The term "unnecessarily" is not defined for purposes of the statute. Words of common usage, when used in a statute, should be construed in their plain and ordinary sense. "Unnecessarily" is defined to mean: "not by necessity"; "[a] comprehensive term, meaning without necessity, needlessly, or uselessly; outside the usual course of business pertaining to the subject."
In light of the above and my conclusion in Question One, the killing of an animal for the purpose of training racing greyhounds would appear to be needless and outside the usual course of business for this industry and would constitute an unnecessary killing in violation of s. 828.12(1), F.S.
Section 828.12(1), F.S., makes it a crime for any person to unnecessarily overload, overdrive, torment, deprive of necessary sustenance or shelter, or unnecessarily or cruelly beat, mutilate, or kill any animal. The term "animal" is defined for purposes of Ch. 828, F.S., as "every living dumb creature." Thus, a dead animal would not appear to come within the scope of statutes prohibiting cruelty to "animals."
I have concluded above that the use of a live animal in the training of racing greyhounds is a violation of ss. 828.12 and 828.122, F.S., and that the killing of an animal for such purposes is also a violation of s. 828.12, F.S. However, nothing in either of these statutes appears to address the uses to which dead animals may be put. The Attorney General has no authority to supply additional words to or modify the meaning of a duly enacted statute.
Robert A. Butterworth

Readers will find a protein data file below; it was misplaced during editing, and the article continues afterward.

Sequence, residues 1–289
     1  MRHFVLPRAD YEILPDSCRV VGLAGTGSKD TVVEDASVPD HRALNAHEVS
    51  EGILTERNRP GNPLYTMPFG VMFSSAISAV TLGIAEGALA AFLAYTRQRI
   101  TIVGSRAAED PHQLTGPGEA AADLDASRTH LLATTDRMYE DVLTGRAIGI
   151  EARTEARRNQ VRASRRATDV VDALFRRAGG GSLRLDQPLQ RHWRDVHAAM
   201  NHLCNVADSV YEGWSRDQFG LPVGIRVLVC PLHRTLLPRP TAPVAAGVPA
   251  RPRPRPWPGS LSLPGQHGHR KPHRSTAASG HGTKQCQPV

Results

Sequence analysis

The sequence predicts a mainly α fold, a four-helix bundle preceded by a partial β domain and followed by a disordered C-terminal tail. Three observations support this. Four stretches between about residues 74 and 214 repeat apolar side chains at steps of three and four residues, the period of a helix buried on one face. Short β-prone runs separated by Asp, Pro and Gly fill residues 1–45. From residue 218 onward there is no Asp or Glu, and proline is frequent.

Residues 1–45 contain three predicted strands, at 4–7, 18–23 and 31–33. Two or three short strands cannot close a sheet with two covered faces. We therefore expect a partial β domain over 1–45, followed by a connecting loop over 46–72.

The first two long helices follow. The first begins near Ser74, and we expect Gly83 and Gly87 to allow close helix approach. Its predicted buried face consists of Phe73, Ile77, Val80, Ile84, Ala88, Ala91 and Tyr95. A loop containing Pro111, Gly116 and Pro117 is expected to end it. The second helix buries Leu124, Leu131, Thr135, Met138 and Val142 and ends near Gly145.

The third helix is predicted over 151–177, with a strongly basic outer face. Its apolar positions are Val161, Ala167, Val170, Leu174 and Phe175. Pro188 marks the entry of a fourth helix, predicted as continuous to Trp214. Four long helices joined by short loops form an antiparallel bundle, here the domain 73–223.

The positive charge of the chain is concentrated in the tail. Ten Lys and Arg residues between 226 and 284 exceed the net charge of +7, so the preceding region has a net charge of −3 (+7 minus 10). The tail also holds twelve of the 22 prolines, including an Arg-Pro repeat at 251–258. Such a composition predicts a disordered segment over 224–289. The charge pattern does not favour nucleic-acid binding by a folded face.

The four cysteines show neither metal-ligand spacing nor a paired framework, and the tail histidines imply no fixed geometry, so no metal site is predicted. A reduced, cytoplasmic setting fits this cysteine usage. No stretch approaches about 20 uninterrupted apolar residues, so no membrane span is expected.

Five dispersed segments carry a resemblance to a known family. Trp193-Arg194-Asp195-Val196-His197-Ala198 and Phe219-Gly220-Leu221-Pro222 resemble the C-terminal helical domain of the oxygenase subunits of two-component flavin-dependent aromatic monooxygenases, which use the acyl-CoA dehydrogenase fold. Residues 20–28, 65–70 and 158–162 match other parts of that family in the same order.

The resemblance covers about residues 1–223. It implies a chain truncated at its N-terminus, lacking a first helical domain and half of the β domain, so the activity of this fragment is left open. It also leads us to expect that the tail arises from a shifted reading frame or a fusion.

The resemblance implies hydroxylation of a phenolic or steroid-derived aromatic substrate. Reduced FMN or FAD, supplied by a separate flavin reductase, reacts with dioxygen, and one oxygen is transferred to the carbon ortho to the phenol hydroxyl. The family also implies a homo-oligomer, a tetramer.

See 21 C.J.S. Courts ss. 186, 196, and 197.
 The statute is so designated by s. 828.122(1), F.S.
 Section 828.122(2)(a), F.S.
 Rule 7E-2.022(8), F.A.C. And see Rule 7E-2.011, F.A.C., which provides for racing judges and their authority.
 While s. 828.12, F.S., has been amended since this opinion was rendered the changes would not effect the conclusion contained in AGO 73-211.
 Attorney General Opinion 73-211.
 The Supreme Court of Florida, in Wilkerson v. State, 401 So.2d 1110, 1112 (Fla. 1981), has determined that the term "unnecessarily" as used in 828.12, F.S., is not unconstitutionally vague. The Court stated:
"The particular words complained of, 'unnecessarily or excessively' are not vague when considered in the context of the entire Statute and with a view to effectuating the purpose of the act. The fact that specific acts of chastisement are not enumerated, an impossible task at best, does not render the statutory standard void for vagueness. Criminal laws are not 'vague' simply because the conduct prohibited is described in general language."
 Pedersen v. Green, 105 So.2d 1, 4 (Fla. 1958).
 Webster's Third New International Dictionary 2504 (unabridged ed. 1981). And see The American Heritage Dictionary 1403 (New College ed. 1979).
 91 C.J.S. Unnecessarily 504.
 Section 828.02, F.S.
 Cf. Chaffee v. Miami Transfer Company, Inc., 288 So.2d 209 (Fla. 1974). And see AGO's 87-43, 86-32, and 82-20.